Parents Sue New York State Over Alleged Racially Discriminatory Education Program

The plaintiffs’ lawyers are hoping to expand the Supreme Court’s ban on the use of race in admissions to other aspects of education.
Parents Sue New York State Over Alleged Racially Discriminatory Education Program
Yiatin Chu, co-chair of the New York City chapter of the Foundation Against Intolerance and Racism (FAIR), in an interview on Focus Talk, on May 18, 2021. (Screenshot via Focus Talk/Epoch Times)
Matthew Vadum

Parent groups are suing New York state in federal court over an educational program they say discriminates against Chinese American students.

The new civil rights lawsuit comes amidst of wave of alleged racial discrimination at the nation’s colleges and universities. Schools across the country are reportedly evading a Supreme Court ruling that struck down the use of racially discriminatory admissions policies in higher education.

The June 2023 decision in Students for Fair Admissions Inc. v. Harvard College, ended the use of race-conscious admissions, a longtime goal of conservatives and civil libertarians.

In the majority opinion, Chief Justice John Roberts wrote that for too long, universities have “concluded, wrongly, that the touchstone of an individual’s identity is not challenges bested, skills built, or lessons learned but the color of their skin.”

“Our constitutional history does not tolerate that choice,” he wrote.

The legal complaint in Chu v. Rosa was filed (pdf) in the U.S. District Court for the Northern District of New York last month. As of Feb. 22, the case had been assigned to Judge David Hurd, according to the court’s docket. Judge Hurd was appointed in 1999 by President Bill Clinton.

The state has yet to file a defense in the case. Assistant New York Attorney General Lela M. Gray asked the court on Feb. 13 to extend the deadline to respond to the legal complaint from Feb. 16 to March 18. The plaintiffs’ counsel consented to the request.

An individual parent and three Asian American organizations are suing to vindicate their rights under the Equal Protection Clause of the Fourteenth Amendment to the U.S. Constitution.

The plaintiffs are New York City parent Yiatin Chu, the Chinese Alliance of Greater New York, the Inclusive Education Advocacy Group, and Higher With Our Parent Engagement.

The defendant is Betty A. Rosa who is being sued in her official capacity as commissioner of education for New York state.

Ms. Rosa administers New York state’s Science and Technology Entry Program (STEP) through the Office of Postsecondary Access, Support, and Success.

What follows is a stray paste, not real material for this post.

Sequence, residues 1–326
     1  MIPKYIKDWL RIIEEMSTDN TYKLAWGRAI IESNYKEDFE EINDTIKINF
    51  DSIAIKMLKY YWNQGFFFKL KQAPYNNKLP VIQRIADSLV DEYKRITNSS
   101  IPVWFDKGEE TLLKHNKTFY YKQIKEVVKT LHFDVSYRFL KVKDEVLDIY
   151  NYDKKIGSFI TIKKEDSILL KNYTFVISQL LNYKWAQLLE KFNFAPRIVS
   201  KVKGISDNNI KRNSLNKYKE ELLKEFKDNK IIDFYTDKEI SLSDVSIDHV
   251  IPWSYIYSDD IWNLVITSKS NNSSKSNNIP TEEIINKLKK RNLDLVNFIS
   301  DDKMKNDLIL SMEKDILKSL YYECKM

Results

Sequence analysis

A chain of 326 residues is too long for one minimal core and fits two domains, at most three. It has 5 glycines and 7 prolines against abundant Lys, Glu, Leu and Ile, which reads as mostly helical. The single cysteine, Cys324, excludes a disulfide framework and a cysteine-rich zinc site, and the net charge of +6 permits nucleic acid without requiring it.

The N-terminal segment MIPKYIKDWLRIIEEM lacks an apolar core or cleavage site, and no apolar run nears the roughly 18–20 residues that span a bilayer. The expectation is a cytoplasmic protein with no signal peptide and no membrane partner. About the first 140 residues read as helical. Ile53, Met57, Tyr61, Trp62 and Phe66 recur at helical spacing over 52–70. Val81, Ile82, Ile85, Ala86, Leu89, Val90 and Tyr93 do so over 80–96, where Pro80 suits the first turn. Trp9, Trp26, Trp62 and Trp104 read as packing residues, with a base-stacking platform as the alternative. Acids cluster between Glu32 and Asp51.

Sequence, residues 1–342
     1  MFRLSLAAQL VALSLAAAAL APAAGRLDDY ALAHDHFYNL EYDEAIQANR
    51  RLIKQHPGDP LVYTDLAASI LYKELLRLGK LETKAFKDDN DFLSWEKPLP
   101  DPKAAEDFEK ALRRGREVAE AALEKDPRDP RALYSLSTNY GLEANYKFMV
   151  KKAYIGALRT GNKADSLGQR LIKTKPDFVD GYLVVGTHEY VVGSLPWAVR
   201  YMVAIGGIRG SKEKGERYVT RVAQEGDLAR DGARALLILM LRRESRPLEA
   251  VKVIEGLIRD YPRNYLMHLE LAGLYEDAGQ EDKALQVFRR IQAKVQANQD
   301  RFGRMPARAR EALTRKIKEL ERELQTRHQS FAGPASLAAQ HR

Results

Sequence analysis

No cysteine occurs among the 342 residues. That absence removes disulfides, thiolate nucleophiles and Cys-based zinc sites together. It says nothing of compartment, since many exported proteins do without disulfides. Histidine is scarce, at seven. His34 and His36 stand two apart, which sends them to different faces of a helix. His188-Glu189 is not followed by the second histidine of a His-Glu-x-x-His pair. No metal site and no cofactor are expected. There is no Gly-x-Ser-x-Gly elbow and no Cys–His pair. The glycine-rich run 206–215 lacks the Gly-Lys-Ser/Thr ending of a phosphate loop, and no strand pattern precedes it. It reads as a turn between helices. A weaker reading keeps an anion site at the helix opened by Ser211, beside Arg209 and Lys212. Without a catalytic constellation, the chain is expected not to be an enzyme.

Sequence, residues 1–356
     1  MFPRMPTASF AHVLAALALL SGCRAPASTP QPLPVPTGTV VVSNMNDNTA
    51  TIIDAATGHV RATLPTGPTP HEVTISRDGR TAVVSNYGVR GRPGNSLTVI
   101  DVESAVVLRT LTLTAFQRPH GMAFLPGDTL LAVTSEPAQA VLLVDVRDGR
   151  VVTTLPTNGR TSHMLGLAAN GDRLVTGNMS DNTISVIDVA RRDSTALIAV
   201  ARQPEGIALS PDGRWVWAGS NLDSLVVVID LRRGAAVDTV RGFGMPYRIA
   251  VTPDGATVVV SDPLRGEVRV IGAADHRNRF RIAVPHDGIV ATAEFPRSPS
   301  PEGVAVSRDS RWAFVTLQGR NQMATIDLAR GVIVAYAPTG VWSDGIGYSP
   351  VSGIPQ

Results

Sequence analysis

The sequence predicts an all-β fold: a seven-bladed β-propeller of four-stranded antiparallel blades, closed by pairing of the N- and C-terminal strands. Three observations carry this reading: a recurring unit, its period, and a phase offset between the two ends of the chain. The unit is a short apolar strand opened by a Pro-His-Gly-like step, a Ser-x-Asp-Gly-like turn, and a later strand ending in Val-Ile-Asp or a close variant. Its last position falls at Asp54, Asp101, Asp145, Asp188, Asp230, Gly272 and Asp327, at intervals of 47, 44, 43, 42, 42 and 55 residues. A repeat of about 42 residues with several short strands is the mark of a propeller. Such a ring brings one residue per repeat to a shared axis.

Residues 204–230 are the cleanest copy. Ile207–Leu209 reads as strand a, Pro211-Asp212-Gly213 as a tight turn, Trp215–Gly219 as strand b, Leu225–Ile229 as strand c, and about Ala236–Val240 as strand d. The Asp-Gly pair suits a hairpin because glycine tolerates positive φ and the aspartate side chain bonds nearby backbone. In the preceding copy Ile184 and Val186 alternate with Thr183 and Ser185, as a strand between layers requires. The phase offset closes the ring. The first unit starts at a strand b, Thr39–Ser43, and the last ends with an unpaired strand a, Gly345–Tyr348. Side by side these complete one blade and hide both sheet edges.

By law, the commissioner of education establishes the criteria for awarding STEP grants to higher education institutions, selects grant recipients, approves amendments to grant recipients’ plans of instruction, approves additional criteria for measuring whether a student applicant exhibits “the potential for college-level study if provided with special services,” and is authorized to require periodic reporting by grant recipients on topics like compliance, curricula, and funding.

The story goes back to 1985, when New York lawmakers enacted legislation to foster interest in science, technology, and healthcare among low-income and underrepresented minority students, according to a summary by the Pacific Legal Foundation (PLF).

PLF, which is representing the plaintiffs, is a national public interest nonprofit that challenges government abuses. The Legal Insurrection Foundation is also on the plaintiffs’ legal team.

This legislation led to the creation of the STEP, which directed public funds to 56 colleges, universities, and medical schools statewide.

These institutions run STEP initiatives for 7th to 12th-grade students that include instruction, exam preparation, hands-on and research training, college admissions guidance, and career-focused activities such as field trips and college visits.

Under the STEP program, students are eligible if they are either economically disadvantaged or members of a minority group that is deemed historically underrepresented in the targeted fields. STEP regulations explicitly define underrepresented minorities only as black, Hispanic, Native American, or Alaskan natives.

For example, a child of billionaires who identifies as black is eligible for the STEP program, but a Chinese American student whose parents barely exceed the poverty level is not eligible, according to PLF.

The co-plaintiff, Ms. Chu, is an education advocate, co-founder of Parent Leaders for Accelerated Curriculum and Education (PLACE) NYC, and the Asian Wave Alliance, and co-leader of the New York City Chapter of the Foundation Against Intolerance and Racism (FAIR).

Ms. Chu’s daughter, N.C., is Asian American. N.C. is enrolled in the 7th grade and has an overall grade point average above 80 percent. She would like to apply for admission to the summer 2024 STEP program at New York University but cannot because she is subject to additional eligibility requirements because of her race.

PLF attorney David Hoffa said if you’re white or Asian, you have to prove that your family is under a certain specified income threshold to qualify for the program.

“That’s the unequal treatment that we’re challenging,” the lawyer told The Epoch Times.

Lawyers are asking the court to declare that the law is unconstitutional, and to enjoin the law to stop the state officials from implementing the racially discriminatory policy, he said.

“We see this case that we’re bringing out as a great opportunity to really try to continue to expand the scope of [the Students for Fair Admissions Inc. v. Harvard College] precedent to get it so that it’s not isolated to that university admissions context, to broaden it to as many contexts as possible.”

The Department of Education for the State of New York refused to comment on the case.

“The Department doesn’t comment on pending litigation,” spokesperson Erica Komoroske said by email.